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EMORY-ADVENTIST HOSPITAL AT SMYRNA WINS STATEWIDE PATIENT SAFETY AWARD
The Partnership for Health and Accountability (PHA) presented its prestigious Quality and Patient Safety Award to Emory-Adventist Hospital at Smyrna for its geriatric fracture program that provides specialized care for fragility fractures among geriatric patients. The project titled, “Improving Management of Fragility Fractures Improves Outcomes and Post-Discharge Quality of Life,” won first place in the Hospitals with Less than 100 Beds Category. These annual awards recognize Georgia health care organizations for achievement in reducing the risk of medical errors and improving patient safety and medical outcomes.

One of the most common injuries in the geriatric population is a fall resulting in a hip fracture. Almost all hip fractures require surgical treatment to bring about stability, healing, and to maintain a patient’s functional status. Observations reveal that patients who need surgery for this injury are often treated as a non-emergent low priority cases., This approach often leads to unnecessary delays to surgery, increased amounts of narcotic pain medication and the potential for complications.

The goal of Emory-Adventist Hospital’s Geriatric Fracture Program is to treat these patients with a high sense of urgency, including process management for swift surgical repair and prevention of narcotic-related delirium that can occur after surgery. Preventing this delirium enables rehabilitation therapists to get patients out of bed and walking more quickly. Another goal is to return patients to independent living at home instead of long-term skilled nursing facility placement, as well as returning them to their pre-fall functional status within 12 months.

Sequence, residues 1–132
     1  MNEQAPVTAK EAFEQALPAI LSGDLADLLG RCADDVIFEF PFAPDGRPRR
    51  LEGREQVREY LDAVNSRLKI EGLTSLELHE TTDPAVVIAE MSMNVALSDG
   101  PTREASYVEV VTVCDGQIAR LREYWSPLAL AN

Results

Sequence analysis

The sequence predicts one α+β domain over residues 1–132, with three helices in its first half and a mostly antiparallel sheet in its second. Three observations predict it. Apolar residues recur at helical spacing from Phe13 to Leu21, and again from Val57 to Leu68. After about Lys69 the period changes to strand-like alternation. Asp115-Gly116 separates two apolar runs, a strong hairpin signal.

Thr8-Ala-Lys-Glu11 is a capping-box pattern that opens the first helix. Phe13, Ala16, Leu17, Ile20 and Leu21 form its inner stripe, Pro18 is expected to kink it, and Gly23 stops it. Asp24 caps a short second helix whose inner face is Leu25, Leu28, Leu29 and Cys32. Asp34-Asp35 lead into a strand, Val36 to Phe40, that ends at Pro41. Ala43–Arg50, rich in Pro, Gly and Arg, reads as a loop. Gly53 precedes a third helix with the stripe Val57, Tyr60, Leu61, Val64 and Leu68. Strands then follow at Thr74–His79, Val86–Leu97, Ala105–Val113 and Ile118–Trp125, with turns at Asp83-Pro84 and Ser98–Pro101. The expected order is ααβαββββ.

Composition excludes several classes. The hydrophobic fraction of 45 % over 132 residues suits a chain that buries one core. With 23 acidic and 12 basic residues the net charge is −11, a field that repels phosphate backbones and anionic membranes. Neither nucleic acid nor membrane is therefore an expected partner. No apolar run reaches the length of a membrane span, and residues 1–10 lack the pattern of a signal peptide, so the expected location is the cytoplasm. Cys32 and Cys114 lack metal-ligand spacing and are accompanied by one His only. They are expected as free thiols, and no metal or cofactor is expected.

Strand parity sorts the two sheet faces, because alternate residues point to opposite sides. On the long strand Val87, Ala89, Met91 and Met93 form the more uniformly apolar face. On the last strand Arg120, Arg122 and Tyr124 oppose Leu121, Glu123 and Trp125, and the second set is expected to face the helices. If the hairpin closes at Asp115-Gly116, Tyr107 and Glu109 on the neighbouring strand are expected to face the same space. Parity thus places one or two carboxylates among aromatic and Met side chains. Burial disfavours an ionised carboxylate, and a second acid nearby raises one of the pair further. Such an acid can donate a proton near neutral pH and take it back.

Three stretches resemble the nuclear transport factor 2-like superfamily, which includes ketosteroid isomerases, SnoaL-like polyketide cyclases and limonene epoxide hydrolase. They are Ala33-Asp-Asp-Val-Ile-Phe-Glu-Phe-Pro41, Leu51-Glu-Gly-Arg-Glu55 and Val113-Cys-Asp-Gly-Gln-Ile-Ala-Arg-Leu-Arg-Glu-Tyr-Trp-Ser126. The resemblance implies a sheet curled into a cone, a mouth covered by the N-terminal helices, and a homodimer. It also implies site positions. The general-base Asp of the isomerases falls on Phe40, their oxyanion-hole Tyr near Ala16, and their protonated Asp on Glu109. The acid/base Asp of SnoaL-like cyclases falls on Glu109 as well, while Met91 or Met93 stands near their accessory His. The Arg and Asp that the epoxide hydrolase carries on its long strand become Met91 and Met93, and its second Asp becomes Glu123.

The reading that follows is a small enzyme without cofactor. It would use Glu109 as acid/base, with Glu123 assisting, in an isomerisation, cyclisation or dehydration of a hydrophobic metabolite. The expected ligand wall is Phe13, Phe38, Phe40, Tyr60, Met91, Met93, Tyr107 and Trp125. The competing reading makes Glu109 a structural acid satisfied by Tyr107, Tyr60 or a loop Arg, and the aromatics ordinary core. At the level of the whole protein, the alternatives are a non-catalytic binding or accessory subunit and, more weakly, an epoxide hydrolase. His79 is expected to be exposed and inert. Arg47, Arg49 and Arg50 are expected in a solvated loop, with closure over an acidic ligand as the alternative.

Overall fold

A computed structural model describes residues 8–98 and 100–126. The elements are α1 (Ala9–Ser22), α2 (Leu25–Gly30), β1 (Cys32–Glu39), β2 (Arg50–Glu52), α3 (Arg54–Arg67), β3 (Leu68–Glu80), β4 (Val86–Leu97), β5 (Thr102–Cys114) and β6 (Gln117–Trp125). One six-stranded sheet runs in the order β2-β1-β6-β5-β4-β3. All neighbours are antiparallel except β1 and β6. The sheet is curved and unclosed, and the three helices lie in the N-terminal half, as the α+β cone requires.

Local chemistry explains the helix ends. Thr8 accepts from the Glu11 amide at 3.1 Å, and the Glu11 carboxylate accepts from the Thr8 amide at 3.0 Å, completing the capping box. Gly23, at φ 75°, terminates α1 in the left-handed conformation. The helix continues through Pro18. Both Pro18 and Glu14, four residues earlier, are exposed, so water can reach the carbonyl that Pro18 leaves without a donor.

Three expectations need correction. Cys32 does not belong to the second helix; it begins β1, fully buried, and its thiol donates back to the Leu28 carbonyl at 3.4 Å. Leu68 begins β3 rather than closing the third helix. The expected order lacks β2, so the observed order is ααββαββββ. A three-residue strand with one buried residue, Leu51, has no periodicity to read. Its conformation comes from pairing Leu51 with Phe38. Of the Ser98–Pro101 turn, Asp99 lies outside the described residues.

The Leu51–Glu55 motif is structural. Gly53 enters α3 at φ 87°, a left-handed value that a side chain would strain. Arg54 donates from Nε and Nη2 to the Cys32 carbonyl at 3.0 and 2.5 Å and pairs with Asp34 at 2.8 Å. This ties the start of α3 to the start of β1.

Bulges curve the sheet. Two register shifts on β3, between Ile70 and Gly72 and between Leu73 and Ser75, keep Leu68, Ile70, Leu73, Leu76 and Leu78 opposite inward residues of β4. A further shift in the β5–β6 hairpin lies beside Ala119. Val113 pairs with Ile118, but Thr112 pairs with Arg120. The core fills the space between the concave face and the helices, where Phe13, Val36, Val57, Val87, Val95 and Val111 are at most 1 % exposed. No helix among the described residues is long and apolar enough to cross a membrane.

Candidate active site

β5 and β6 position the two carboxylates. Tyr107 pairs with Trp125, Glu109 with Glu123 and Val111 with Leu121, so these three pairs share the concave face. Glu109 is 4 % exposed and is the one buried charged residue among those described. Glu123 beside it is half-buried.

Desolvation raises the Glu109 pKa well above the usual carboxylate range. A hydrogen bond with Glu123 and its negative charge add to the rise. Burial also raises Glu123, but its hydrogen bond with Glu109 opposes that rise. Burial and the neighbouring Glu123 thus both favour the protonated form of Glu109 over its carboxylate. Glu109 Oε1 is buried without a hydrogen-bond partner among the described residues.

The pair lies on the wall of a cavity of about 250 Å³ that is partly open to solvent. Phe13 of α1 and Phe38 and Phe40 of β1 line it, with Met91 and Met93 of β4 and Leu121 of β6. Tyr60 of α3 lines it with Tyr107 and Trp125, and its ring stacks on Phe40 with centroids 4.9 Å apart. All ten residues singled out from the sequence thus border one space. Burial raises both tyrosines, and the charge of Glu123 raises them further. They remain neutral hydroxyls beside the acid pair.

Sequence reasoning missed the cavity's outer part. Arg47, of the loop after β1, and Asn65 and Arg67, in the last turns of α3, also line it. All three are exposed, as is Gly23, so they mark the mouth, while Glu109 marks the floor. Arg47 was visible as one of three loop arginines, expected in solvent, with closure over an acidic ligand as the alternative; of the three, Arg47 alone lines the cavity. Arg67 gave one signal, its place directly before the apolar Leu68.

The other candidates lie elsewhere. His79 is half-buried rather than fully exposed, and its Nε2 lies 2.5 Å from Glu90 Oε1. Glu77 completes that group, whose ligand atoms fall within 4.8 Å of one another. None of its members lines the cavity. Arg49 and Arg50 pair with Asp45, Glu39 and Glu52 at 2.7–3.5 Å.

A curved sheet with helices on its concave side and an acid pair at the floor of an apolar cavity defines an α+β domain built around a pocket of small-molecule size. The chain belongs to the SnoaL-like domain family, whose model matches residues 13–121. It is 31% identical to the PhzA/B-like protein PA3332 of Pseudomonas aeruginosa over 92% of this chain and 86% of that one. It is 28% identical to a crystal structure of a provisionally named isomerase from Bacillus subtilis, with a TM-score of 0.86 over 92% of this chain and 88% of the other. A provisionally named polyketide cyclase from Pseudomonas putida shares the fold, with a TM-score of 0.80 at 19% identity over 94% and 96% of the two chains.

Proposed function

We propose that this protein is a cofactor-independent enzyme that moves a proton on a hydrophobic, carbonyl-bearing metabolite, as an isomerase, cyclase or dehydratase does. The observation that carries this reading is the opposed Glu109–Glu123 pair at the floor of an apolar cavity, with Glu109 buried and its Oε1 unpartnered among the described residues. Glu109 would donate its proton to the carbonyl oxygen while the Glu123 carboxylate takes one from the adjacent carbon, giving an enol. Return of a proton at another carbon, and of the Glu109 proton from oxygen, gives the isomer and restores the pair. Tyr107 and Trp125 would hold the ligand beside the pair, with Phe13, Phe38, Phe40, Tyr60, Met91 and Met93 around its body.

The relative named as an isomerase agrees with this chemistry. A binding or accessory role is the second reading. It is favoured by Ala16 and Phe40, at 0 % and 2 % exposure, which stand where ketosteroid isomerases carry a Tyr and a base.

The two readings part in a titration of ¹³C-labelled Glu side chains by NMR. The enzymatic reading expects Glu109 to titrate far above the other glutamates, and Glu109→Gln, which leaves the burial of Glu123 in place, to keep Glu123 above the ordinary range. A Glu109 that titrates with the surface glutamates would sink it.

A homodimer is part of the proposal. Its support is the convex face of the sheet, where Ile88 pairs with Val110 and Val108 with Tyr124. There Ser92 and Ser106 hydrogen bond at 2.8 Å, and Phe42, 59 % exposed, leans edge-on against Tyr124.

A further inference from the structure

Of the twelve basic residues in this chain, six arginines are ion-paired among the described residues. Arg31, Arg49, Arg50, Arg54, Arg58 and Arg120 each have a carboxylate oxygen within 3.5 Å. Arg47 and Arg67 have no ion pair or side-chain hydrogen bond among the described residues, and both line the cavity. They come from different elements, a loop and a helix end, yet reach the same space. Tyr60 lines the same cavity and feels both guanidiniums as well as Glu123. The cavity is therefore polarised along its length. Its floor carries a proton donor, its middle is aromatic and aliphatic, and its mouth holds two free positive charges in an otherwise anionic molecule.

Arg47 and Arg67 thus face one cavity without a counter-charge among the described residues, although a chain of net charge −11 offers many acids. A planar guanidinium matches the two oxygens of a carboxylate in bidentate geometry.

At the time of program implementation in September 2010, there were only a few known facilities across the country, and none in Georgia, with fully functioning programs. Results of Emory-Adventist Hospital’s program showed the average time to surgery was 27.4 hours compared to the national average of 96 hours. The post-narcotic delirium rate reduction was 15 percent compared to 24 percent nationally. Inpatient mortality rates were 5 percent compared to 10 percent nationally. The average length of stay of 6.8 days compared to seven days nationally and the 30-day readmission rate was 7 percent compared to 19.4 percent nationally.

“Returning patients to a better quality of life after hospitalization is the goal of all hospitals,” said Georgia Hospital Association (GHA) President Joseph Parker. “We applaud Emory-Adventist Hospital for taking a leadership role in this effort and are grateful for its dedication to providing the best and safest care possible for its patients.”



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